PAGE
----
SPICES OF LIFE: Simple and Delicious Recipes for Great Health
For many home chefs, reading through most cookbooks is a bit like perusing some high-end fashion magazine: an exercise in aspiration—you'll never get around to making that Boeuf en Croute, but it's nice to imagine a world in which you would. Then there are cookbooks like this one, which is more like an issue of Self than Vogue : full of straightforward but practical recipes, and peppered with loads of health information. Structurally, the book is rich with material, although somewhat confusing: in addition to chapters organized by theme ("Pleasures from the Garden," "Hearty Stews and Braises"), there's interstitial material from alternative health experts like Andrew Weil, with recipes relating to their medical philosophies. The chapters are creative and useful. Why don't more chefs devote a chapter, as Simonds (A Spoonful of Ginger ) has, to "Appetizers That Can Serve as a Meal"? Mixing Indonesian, French and Italian recipes within one chapter, Simonds displays her wide-ranging professional and personal experience, sharing meals kids will love, like Teriyaki Beef. For those who relish cookbooks for the elegance they promise, Simonds's side notes may seem less than sexy (learning that dill is supposed to cure bad breath somehow makes the dish the note accompanies less appetizing), but for those open to alternative medicine, and curious about international cuisine, this book is uniquely useful, and Simonds's recipes are easy and inviting. (Feb.)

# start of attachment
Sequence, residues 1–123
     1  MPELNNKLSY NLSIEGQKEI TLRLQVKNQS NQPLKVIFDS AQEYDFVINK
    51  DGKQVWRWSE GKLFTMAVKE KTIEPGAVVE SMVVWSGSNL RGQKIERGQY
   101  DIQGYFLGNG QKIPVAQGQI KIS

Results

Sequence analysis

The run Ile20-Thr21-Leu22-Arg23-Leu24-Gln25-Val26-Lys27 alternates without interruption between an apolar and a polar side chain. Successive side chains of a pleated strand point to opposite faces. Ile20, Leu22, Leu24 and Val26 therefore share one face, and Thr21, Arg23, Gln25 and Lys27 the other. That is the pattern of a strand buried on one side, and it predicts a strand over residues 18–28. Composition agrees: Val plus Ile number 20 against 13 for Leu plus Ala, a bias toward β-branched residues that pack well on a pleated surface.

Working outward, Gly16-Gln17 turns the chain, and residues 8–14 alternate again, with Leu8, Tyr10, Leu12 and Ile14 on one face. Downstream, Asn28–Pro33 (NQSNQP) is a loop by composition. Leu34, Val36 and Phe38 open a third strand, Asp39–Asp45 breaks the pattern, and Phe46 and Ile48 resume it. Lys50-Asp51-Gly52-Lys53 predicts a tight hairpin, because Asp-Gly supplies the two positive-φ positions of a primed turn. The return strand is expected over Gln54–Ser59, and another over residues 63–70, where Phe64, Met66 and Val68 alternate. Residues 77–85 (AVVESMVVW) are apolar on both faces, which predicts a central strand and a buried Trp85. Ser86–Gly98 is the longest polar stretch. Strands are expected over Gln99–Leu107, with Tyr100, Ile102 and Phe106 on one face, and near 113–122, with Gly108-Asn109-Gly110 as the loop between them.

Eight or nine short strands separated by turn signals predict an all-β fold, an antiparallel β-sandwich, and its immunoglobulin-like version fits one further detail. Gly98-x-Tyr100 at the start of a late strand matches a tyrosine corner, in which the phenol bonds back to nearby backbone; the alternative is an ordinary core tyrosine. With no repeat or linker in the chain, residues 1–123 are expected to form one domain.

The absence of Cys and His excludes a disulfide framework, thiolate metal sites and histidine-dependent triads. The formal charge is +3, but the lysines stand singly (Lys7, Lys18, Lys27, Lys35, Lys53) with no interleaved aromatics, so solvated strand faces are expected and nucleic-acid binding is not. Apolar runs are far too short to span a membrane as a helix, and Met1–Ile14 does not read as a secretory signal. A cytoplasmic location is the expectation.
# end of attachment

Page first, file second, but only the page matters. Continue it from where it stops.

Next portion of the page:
Forecast: Simonds contributes to Gourmet and the New York Times, and is a well-known expert on Asian food and culture. Expect her book to garner reviews and attention, which should yield solid sales.
Release date: 02/01/2005